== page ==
In a world where technological evolution continues to blur the line between human and machine interaction, the language that enables humans to interact with said machines is paramount. That language? Code.
This past June, West Windsor-area high schoolers Ritvik Rangaraju, Krish Thawani and Aditya Prasad created Codivate, a 501(c)(3) nonprofit which aims to introduce young students to the world of programming and is helping them learn how to code.
“The role of computer science and programming in our lives today is more important than it ever was, and that’s only been accentuated by COVID-19,” Thawani says. “We’ve seen new technologies come into play that we’ve never seen before, such as Zoom – and everything’s running on code. We felt that it was really important for us to get involved [in some way] because computer science is only going to become more popular in the future.”
Codivate offers a variety of interactive virtual courses ranging from beginner to advanced levels that cover all aspects of coding, from basic block-based language to exploring Java. All courses are free, which is intentional in Codivate’s effort to make coding as easily accessible for everyone as possible. Courses are all recorded so participants can go back and rewatch, and videos are also posted to Codivate’s YouTube channel.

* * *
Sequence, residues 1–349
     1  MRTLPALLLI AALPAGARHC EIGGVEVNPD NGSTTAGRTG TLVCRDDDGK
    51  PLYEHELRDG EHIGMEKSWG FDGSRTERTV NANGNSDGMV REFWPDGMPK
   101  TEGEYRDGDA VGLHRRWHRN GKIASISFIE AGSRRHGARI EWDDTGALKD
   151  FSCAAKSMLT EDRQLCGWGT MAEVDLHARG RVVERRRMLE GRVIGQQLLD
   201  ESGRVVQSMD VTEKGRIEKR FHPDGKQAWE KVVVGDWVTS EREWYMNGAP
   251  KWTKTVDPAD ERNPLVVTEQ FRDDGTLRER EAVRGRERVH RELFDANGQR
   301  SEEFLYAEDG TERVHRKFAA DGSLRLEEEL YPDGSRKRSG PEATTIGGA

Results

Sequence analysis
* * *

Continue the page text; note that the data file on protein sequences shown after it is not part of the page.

“Looking at code is like looking at a sea of illegible curly braces and semicolons. Any normal person would have no idea what they are looking at, which is a really big turn off to a majority of the population,” Rangaraju says. “We created Codivate because we understand how overwhelming coding feels at first glance, and we wanted to break it down for younger students so that they are able to take advantage of something that we all love.”
“We’re always targeting younger students, giving them harder content [than they would learn at their respective grade level in school], but the way that we maneuver that is by teaching them in a more friendly and mentoring manner compared to a lecture,” Prasad says.
Codivate uses volunteer tutors, and has multiple chapters across the country in New Jersey, Georgia, New York, Missouri and North Carolina, as well as an international chapter in Cameroon. Rangaraju says that, moving forward, the goal is to continue to expand Codivate’s presence both domestically and abroad. Its core team is made up of 12 people, with an additional 3 to 4 people for each chapter.
“We just want to attract as many students as possible and continue developing new courses so we can cover all of the interest areas that any student might want,” Rangaraju says.
The biggest underlying motivation for us is to prepare the next generation for this big [technological change] that the world is seeing. We don’t want them to get left behind, but instead make them aware of the tools that they have at their disposal so that they can do what they choose with them.”
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